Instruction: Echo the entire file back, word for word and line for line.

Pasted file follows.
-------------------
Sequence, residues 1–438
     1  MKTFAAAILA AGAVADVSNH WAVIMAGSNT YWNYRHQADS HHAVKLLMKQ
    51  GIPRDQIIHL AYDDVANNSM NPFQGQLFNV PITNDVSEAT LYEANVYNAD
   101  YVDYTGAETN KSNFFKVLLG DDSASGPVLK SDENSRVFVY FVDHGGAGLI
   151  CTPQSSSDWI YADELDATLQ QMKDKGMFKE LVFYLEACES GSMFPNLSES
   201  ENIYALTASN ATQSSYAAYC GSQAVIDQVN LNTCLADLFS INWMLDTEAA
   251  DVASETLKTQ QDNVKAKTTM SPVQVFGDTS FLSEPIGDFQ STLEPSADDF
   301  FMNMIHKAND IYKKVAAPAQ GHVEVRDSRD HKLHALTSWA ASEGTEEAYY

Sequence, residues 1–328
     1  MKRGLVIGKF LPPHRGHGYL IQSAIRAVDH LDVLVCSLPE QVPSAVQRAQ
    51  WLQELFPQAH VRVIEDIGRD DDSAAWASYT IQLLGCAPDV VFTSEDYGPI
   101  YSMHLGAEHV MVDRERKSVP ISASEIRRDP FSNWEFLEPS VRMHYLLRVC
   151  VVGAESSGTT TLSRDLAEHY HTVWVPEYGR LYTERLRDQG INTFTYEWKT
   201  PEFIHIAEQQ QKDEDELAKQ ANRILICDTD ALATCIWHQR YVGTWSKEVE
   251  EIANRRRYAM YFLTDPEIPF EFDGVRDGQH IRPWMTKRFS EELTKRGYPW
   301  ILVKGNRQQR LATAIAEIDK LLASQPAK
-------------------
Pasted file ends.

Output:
Sequence, residues 1–438
     1  MKTFAAAILA AGAVADVSNH WAVIMAGSNT YWNYRHQADS HHAVKLLMKQ
    51  GIPRDQIIHL AYDDVANNSM NPFQGQLFNV PITNDVSEAT LYEANVYNAD
   101  YVDYTGAETN KSNFFKVLLG DDSASGPVLK SDENSRVFVY FVDHGGAGLI
   151  CTPQSSSDWI YADELDATLQ QMKDKGMFKE LVFYLEACES GSMFPNLSES
   201  ENIYALTASN ATQSSYAAYC GSQAVIDQVN LNTCLADLFS INWMLDTEAA
   251  DVASETLKTQ QDNVKAKTTM SPVQVFGDTS FLSEPIGDFQ STLEPSADDF
   301  FMNMIHKAND IYKKVAAPAQ GHVEVRDSRD HKLHALTSWA ASEGTEEAYY

Sequence, residues 1–328
     1  MKRGLVIGKF LPPHRGHGYL IQSAIRAVDH LDVLVCSLPE QVPSAVQRAQ
    51  WLQELFPQAH VRVIEDIGRD DDSAAWASYT IQLLGCAPDV VFTSEDYGPI
   101  YSMHLGAEHV MVDRERKSVP ISASEIRRDP FSNWEFLEPS VRMHYLLRVC
   151  VVGAESSGTT TLSRDLAEHY HTVWVPEYGR LYTERLRDQG INTFTYEWKT
   201  PEFIHIAEQQ QKDEDELAKQ ANRILICDTD ALATCIWHQR YVGTWSKEVE
   251  EIANRRRYAM YFLTDPEIPF EFDGVRDGQH IRPWMTKRFS EELTKRGYPW
   301  ILVKGNRQQR LATAIAEIDK LLASQPAK